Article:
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Dhauwurd Wurrung

Earliest reference to language name: 1841 (Robinson journal and papers

Meaning: unknown

Sub-dialects: Bi:gwurrung; Dhauwurdwurrung; Gaiwurrung; Gurngubanud; Wulluwurrung


This language and details of its dialects is better known than any other Victorian language, largely due to the extensive vocabulary collected by James Dawson (1881) and the grammatical sketch of RH Mathews (1904). On the basis of four primary sources (Robinson Journal and Papers, Dawson 1881, Mathews 1904, and Mathew Papers) it is possible to identify five dialects:


1. Wulluwurrung

Earliest reference to dialect name: 1841 (Robinson journal and papers)

Meaning: unknown

For a list of 23 variants of this name see Clark 1990.


2. Dhauwurdwurrung

Earliest reference to dialect name: 1904 (Mathews 1904)

Meaning: unknown

Clark 1990 lists 17 variants.


3. Gaiwurrung

Earliest reference to dialect name: 1881 (Dawson 1881)

Meaning: ‘Oh, dear! lip’ (Dawson 1881)

Three variants listed in Clark (1990).


4. Gurngubanud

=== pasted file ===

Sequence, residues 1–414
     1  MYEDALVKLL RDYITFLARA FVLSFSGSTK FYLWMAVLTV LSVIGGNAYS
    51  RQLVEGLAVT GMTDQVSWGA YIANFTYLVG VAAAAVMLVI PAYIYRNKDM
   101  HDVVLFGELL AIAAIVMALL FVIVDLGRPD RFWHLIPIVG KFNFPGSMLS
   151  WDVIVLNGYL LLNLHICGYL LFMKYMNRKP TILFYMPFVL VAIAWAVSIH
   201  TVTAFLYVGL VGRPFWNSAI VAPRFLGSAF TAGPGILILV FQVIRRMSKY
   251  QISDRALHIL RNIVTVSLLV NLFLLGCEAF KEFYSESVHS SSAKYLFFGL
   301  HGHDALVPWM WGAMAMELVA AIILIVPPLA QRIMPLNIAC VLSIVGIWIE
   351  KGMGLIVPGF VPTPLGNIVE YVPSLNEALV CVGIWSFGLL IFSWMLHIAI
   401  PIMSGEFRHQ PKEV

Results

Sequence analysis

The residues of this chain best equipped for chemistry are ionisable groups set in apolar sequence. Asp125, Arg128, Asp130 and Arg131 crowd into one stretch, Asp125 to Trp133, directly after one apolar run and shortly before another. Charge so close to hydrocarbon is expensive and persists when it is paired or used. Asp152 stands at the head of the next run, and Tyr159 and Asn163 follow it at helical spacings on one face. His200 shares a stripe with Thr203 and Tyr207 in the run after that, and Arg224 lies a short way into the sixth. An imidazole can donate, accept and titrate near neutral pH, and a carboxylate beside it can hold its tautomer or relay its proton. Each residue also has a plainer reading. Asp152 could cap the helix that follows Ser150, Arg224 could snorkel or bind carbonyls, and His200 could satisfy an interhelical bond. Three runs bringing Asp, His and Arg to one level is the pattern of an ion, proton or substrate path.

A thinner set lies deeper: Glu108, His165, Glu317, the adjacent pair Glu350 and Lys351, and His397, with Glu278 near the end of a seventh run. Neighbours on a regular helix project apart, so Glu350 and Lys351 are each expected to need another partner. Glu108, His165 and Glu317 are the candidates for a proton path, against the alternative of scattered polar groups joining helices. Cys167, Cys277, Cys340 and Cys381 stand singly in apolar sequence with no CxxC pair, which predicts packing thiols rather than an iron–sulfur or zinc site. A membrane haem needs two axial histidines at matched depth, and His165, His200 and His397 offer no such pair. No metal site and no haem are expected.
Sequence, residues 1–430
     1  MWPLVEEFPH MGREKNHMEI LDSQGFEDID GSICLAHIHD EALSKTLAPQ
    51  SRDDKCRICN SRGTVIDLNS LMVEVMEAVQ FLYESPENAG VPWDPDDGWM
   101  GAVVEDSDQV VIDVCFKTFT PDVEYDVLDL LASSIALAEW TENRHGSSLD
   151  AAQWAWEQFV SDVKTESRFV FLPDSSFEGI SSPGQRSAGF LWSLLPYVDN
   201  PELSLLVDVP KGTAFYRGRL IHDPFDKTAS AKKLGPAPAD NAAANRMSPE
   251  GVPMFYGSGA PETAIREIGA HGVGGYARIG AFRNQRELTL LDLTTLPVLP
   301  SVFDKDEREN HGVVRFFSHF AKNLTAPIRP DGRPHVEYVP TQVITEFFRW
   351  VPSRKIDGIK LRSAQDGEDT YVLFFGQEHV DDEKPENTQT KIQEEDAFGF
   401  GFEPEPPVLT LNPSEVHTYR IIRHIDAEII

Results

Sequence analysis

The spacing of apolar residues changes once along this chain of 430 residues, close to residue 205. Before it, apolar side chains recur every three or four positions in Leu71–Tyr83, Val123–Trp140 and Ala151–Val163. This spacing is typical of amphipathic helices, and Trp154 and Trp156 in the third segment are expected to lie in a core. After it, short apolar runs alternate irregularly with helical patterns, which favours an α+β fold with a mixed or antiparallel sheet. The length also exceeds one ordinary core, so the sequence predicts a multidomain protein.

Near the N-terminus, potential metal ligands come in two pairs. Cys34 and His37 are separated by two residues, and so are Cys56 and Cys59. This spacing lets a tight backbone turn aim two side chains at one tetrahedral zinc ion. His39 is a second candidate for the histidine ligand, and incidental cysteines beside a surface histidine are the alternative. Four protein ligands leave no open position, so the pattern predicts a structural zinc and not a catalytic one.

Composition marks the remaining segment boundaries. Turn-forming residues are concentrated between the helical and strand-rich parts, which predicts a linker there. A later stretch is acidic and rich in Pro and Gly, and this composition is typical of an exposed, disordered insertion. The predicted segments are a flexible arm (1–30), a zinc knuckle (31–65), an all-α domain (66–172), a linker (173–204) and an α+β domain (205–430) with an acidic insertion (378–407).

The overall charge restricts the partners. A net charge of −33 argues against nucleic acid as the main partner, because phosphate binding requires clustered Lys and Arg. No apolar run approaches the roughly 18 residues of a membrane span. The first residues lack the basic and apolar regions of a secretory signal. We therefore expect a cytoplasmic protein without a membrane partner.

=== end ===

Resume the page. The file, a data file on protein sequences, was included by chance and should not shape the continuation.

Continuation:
Earliest reference to dialect name: 1881 (Dawson 1881)

Meaning: a descriptive name meaning ‘small lip’ or ‘short pronunciation’

Nine variants of name listed in Clark (1990).


5. Bi:gwurrung

Earliest reference to dialect name: 1881 (Dawson 1881)

Meaning: ‘kelp lip’, taken from the broad-leafed seaweed found in abundance along the Port Fairy seashore.

Clark (1990) lists 12 variants.


Three language names are offered in the literature: Dhauwurdwurrung, Gurngubanud, and Gundidjmara. Dhauwurdwurrung is the favoured language name as its usage was confirmed by John Mathew during a visit to Lake Condah Mission in 1907, when he was told by Peter Ewart, Ernest Mobourne and James Courtwine, that Dhauwurdwurrung was the language in that region and that Giraiwurrung was the next eastern language (Mathew Papers). The status of the name ‘Gundidjmara’ is discussed in Clark (1990). Dhauwurdwurrung formed a dialect continuum (language2) with its eastern neighbours Giraiwurrung and Djargurdwurrung. For more discussion see Krishna-Pillay (1996).


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